Featured photo: Mary Haglund poses in the ‘How to Feed an Artist’ documentary (photo by Christine Rucker)

Cynthia J. Giles sold her restaurant to Mary Haglund under two conditions: 1. The Art-o-mat, a vintage cigarette vending machine repurposed to dispense cigarette pack-sized art, stays in the building and 2. Haglund must continue Giles’ tradition of hosting monthly art shows. Haglund agreed and set up shop in the space on Brookstown Avenue in Winston-Salem in 2000, renaming it Mary’s Of Course.

The restaurant became a creative’s sanctuary almost immediately, featuring drag brunches, fashion shows and other events being hosted there, too.

How to Feed an Artist, a feature-length documentary by filmmakers Zap McConnell and Cat Rider, explores Haglund’s journey and takes an in-depth look at the relationships between the restaurateur and the surrounding community of artists and service-industry workers. The idea of combining art and food makes sense because according to McConnell, artists tend to have firsthand experience with food service.

“If you are in film or dance or you’re a visual artist or musician,” she explains, “you’ve more than likely have had to supplement your income working in a restaurant.”

Mary Haglund baking in the ‘How to Feed an Artist’ documentary (photo by Christine Rucker)

Mary’s Of Course was no exception; Haglund would hire local artists to work there, including McConnell.

The documentary came to life during a conversation that Haglund and McConnell were having on mutual friend Liz Simmons’ porch. Simmons, a local artist who has worked as a server, will appear in the film.

In 2010, the restaurant relocated to Trade Street under a new name, Mary’s Gourmet Diner. But the plastered walls made it impossible to continue the tradition of monthly, interchangeable art shows, so Haglund sought a lasting solution.

“She went out and got five of her favorite artists and commissioned us to make permanent art pieces in that restaurant,” McConnell recalls.

Haglund insisted that the artists creating the pieces, as well as the process of moving to a larger eatery, be filmed for a documentary she wanted to create one day. This footage, in addition to interviews with Haglund, former employees and community artists make up How to Feed an Artist.

Title card for ‘How to Feed an Artist’ documentary (photo by Cat Rider)

The documentary is being created in partnership with Storyocity, a video production company, and is currently in the pre-production phase. The co-directors have been busy with crowdfunding efforts, aiming to raise $50,000 for creative development and production of the film. They also needed footage when applying for grants, so they recorded events Haglund hosted, like a one-day Mary’s Gourmet Diner pop-up held this past April at Mojito Latin Soul Food in Winston-Salem, the diner’s former location.

“She never got to have closure during the pandemic; We scrambled to get our equipment and interview customers and film that whole experience,” McConnell says.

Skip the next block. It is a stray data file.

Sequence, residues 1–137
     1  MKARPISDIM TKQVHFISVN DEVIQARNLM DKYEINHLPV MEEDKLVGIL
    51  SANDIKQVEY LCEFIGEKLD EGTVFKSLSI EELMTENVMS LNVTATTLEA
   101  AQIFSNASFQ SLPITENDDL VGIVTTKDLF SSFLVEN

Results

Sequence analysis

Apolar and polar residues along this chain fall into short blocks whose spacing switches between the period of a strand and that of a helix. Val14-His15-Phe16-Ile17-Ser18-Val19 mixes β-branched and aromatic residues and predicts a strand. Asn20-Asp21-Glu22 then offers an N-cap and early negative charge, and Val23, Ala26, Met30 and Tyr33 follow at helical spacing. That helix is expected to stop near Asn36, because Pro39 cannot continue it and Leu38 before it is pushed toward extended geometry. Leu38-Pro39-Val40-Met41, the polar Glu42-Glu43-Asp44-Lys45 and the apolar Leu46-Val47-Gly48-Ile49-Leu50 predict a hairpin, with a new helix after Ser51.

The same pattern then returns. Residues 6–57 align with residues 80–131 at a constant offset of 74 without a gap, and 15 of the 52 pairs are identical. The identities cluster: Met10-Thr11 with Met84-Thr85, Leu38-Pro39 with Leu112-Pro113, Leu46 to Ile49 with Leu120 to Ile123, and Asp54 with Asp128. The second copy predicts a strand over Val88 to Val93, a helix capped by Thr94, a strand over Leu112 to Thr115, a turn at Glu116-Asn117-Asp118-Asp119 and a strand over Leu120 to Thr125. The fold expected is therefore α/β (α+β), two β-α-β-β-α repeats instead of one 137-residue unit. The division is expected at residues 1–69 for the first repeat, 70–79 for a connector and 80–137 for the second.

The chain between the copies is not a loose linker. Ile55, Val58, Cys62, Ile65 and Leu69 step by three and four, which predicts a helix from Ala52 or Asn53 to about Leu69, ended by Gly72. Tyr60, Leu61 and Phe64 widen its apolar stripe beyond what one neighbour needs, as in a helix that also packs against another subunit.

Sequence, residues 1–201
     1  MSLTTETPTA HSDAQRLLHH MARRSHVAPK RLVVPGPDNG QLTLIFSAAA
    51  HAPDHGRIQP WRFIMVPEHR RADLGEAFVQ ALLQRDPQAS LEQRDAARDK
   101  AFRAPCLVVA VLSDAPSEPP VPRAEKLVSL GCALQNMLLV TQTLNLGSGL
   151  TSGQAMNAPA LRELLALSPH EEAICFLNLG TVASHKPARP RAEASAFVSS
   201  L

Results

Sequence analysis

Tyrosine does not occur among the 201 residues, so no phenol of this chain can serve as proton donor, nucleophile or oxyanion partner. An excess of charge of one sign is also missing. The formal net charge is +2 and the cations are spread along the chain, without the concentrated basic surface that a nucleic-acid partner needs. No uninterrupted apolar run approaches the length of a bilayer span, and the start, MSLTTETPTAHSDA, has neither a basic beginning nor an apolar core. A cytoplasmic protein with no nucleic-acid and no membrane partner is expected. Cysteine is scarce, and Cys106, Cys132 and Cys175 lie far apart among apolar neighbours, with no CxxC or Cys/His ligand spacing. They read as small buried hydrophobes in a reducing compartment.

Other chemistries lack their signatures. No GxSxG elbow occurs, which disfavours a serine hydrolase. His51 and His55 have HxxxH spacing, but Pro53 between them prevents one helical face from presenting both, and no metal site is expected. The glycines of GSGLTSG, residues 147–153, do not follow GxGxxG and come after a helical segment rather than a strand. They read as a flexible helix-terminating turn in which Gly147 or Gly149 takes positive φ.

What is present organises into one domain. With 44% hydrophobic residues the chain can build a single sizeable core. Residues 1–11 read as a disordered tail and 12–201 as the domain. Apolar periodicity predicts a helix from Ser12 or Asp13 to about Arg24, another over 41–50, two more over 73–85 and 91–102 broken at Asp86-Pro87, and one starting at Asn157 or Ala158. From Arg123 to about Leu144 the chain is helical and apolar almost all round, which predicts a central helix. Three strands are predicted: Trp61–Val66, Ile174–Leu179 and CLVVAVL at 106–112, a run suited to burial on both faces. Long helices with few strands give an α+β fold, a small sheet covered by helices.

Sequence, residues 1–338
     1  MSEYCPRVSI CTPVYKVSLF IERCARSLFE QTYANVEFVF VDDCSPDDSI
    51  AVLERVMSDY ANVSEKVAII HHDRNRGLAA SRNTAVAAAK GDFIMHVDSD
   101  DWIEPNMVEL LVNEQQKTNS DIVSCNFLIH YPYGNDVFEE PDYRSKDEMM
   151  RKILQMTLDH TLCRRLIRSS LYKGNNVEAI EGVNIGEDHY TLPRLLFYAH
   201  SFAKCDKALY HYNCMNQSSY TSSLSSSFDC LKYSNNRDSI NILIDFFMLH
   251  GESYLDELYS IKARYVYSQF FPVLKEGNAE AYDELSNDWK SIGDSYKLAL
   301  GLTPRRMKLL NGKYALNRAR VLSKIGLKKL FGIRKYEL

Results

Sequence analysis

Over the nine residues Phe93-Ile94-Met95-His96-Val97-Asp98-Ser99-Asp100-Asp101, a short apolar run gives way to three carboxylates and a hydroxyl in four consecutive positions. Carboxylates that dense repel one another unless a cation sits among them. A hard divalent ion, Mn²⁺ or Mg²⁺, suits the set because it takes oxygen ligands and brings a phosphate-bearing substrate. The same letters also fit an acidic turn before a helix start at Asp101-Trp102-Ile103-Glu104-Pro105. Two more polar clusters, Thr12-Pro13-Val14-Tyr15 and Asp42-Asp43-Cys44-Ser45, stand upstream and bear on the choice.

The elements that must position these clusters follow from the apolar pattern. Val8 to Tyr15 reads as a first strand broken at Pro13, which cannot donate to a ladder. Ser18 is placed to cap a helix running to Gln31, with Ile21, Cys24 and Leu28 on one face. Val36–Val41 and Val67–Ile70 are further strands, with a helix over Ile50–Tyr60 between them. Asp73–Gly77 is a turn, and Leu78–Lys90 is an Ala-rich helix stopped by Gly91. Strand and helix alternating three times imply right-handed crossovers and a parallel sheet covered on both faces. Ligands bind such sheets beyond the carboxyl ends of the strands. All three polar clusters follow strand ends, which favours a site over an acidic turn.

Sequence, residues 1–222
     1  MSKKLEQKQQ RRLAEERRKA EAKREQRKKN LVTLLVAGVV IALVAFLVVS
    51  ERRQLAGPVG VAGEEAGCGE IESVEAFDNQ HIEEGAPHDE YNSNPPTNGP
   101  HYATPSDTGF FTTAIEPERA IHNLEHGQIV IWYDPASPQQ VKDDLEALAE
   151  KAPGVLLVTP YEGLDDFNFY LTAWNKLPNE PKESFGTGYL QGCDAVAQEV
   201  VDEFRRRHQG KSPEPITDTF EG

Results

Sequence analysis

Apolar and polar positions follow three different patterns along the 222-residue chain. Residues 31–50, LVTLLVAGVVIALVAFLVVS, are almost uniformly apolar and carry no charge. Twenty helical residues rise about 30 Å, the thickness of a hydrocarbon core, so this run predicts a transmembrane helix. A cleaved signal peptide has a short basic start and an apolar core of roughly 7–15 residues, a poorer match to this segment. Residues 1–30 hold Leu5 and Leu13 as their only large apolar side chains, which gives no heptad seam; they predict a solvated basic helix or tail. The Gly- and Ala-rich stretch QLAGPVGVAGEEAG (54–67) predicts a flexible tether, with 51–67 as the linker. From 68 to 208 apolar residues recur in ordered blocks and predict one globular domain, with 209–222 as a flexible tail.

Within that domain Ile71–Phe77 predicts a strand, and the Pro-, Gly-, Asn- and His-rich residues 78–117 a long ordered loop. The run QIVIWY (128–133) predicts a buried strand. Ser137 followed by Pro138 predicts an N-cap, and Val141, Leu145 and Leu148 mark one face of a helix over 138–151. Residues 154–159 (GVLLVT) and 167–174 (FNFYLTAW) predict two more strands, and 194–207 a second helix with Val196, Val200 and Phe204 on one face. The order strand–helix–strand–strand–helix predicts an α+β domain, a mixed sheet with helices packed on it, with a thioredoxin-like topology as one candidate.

In 2020, the temporary-turned-permanent closing of Mary’s was met with disappointment and sadness from the community. In a video posted to Facebook in May of that year, Haglund further explained the closure, citing an unwillingness to be a takeout restaurant, safety concerns for employees and customers and the inability to maintain her close-knit vision of the restaurant.

“My whole concept has always been one of hospitality,” Haglund says. “You come to Mary’s and get a hug and a kiss. Everything is just very close.”

The film is planned for a release in September 2026.

McConnell first began filmmaking a decade ago, when she was introduced to and instantly fell in love with the fluidity and grace of dance on film. When Haglund remembered this, she asked her friend for help.

“Mary reached over and grabbed my arm with little teardrops in her eyes, and she gave me that puppydog look and sincerely asked me if I would help her with the film,” McConnell says.

How to Feed an Artist is McConnell and Rider’s third project together, the first two being short dance films. McConnell chose Rider to co-direct as she also has a personal tie to restaurant work.

“She also paves her way in life in between all her gigs in the film industry by working at a bakery,” she says.

Mary Haglund poses in the ‘How to Feed an Artist’ documentary (photo by Christine Rucker)

McConnell’s relationship with the film is especially intimate since she’s been friends with Haglund for more than 30 years. The two first met while working at the now-closed Rainbow News & ​​Café in Winston-Salem where Haglund was the head cook and McConnell waitressed while attending UNC School of the Arts. 

“Throughout the years, she always wanted to open her own restaurant, and I made a pact with her that I would help her do that if she was ever able to,” McConnell explains.

Through the film, the directors highlight Haglund’s position as a staple in the art community and the lifelong relationships she’s built by serving a menu of fresh food from local ingredients, eclectic artistry and lots of love.

To McConnell, the film is her own token of appreciation to the restaurants and community artists that have supported her, and she wants viewers to acknowledge the large impact small businesses can make. 

“For me it’s a love letter that says ‘Look at these family-owned restaurants and how much they can do in your community,’” she says. 

Support How to Feed an Artist at gofund.me/19d4b041. Find more information about the film and see archived images from the restaurants at howtofeedanartist.org. Learn more about Zap McConnell at zapmcconnell.com.

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